In the late 1990s, Wes Craven and Kevin Williamson turned the horror genre on its head with meta serial killer thriller Scream.
Chances are you know this already because you've seen it. Most people have, but the usual tropes of the genre are more indestructible than Freddie, Jason and Pinhead combined.
You’re Next, the 2011 low budget stalk-and-slash thriller (finally getting a national release), owes a debt to Scream and countless other genre classics, but I doubt in 10 years filmmakers will be desperate to emulate its scares.
It opens with a couple having sex, so we know they're going to die; there are no actual opening titles as the first victim’s blood spells out the title on a window.
Then we meet a rich neighbouring family arriving at their remote vacation house.
Mother Aubrey hears something upstairs and wants to leave. Husband, Paul, investigates, but in one of the best shocks, is startled by his son, Crispian.
Paul has a few sons, all of them annoying.
A day later the other offspring and their partners arrive, and during an annoying family row, one of the gathered is shot with a crossbow bolt.
Despite the windows suddenly being lethal areas, our shocked and stupid protagonists insist on staying as close to them as possible while screaming. A lot. And when there's no screaming, there's that thunderous score turned up to 11. Foghorns blaring at a wake would have been more welcome.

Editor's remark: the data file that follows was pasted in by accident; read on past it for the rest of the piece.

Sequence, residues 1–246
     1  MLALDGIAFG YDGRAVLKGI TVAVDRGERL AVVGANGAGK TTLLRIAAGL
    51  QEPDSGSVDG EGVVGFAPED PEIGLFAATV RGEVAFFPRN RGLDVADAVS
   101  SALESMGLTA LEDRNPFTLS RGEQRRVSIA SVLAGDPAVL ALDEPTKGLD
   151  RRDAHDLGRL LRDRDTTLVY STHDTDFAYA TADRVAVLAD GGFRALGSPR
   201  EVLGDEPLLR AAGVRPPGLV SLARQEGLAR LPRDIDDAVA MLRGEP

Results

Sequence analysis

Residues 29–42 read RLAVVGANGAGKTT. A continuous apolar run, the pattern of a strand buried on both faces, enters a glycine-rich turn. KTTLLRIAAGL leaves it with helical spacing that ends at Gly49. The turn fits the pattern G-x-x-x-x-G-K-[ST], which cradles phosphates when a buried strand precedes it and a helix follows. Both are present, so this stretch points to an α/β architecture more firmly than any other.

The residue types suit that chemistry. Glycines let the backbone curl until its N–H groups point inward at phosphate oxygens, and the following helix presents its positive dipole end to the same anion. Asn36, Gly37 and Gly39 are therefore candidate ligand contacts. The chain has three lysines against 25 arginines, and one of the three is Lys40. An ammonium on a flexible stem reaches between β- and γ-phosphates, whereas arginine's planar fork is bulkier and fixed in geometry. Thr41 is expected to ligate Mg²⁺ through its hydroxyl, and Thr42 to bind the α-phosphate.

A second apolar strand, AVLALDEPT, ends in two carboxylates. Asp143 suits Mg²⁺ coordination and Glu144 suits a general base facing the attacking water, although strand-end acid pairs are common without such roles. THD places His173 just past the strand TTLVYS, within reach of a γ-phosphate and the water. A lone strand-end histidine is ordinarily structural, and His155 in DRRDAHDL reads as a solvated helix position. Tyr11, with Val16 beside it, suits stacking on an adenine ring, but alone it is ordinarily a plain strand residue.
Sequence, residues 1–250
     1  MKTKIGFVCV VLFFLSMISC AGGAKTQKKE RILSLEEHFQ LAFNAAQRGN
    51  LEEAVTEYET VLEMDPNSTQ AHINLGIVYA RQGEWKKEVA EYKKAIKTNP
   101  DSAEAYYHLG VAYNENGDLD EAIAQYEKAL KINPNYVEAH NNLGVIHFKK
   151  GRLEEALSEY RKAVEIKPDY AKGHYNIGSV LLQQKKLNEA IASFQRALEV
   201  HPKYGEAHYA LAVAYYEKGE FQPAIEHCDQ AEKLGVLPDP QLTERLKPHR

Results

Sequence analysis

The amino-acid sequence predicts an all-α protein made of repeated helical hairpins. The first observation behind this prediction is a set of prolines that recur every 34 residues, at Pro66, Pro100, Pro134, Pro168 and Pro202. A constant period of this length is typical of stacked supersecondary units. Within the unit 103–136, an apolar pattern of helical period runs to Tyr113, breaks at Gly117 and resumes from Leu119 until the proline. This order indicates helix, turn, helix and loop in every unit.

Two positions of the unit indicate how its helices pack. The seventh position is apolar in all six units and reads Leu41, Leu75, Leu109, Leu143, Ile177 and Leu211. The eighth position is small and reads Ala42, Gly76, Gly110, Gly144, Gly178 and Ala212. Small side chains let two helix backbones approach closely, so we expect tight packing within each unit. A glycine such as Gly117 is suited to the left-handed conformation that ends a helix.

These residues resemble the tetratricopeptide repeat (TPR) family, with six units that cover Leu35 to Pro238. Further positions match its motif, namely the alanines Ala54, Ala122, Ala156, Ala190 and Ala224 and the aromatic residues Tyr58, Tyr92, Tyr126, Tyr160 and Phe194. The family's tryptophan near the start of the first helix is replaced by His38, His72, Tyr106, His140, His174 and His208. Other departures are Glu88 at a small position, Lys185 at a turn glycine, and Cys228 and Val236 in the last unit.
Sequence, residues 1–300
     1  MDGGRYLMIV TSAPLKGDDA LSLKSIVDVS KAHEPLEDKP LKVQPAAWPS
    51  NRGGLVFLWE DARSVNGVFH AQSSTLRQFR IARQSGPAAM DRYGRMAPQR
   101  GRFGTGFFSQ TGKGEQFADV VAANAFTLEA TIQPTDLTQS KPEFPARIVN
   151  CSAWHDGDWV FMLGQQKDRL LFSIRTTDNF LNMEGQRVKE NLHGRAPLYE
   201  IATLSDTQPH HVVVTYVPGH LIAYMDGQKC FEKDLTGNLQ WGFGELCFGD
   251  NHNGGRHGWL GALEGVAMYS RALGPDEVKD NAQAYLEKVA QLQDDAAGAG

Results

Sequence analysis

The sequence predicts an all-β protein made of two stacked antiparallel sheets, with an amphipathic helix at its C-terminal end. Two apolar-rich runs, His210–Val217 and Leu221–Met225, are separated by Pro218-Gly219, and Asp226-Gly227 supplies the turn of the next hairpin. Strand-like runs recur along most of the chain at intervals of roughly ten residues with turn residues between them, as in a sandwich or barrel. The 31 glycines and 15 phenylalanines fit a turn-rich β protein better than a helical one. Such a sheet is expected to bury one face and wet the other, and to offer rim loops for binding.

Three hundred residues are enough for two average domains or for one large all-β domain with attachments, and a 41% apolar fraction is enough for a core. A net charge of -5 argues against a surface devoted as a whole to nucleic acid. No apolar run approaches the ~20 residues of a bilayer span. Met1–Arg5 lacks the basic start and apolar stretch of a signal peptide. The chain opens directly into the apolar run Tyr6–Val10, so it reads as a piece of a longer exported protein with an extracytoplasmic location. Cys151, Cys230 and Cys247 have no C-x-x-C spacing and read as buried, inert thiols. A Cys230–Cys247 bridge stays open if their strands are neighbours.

Aside from that, I'm not sure what was more annoying, the unconvincing acting, zero family dynamic (even for a dysfunctional clan), or weak script.
However, a John Carpenter-style theme wasn't bad, albeit over-used.
On the plus side it is laced with dark humour; a wounded victim with a bolt in his back catching it on lethal piano wire was a nice/nasty touch, and death by kitchen appliance helped puncture the tension bubble in the third act.
For any thriller, credibility is key and this was sorely lacking any because I didn't care about the characters.
The key twist is obvious when we discover the animal masked killers' motive. However, the third act does claw back some respectability with a flash camera adding fresh licks to the death by strobe cliche, while a door-operated weapon gag tips its hat to A Nightmare on Elm Street.
Earlier this year The Purge exploited the ’yuppies under siege’ idea more effectively, only that fell apart in the third act.
This is the reverse, and despite a drawn out finale, and OTT killings by resourceful Aussie heroine Erin (the film’s saving grace, Sharni Vinson), the result is not a complete waste of time.
With a better cast and some tighter script editing, this could have been something special.
As it is, You’re Next is just a 90 minute-plus diversion, little more.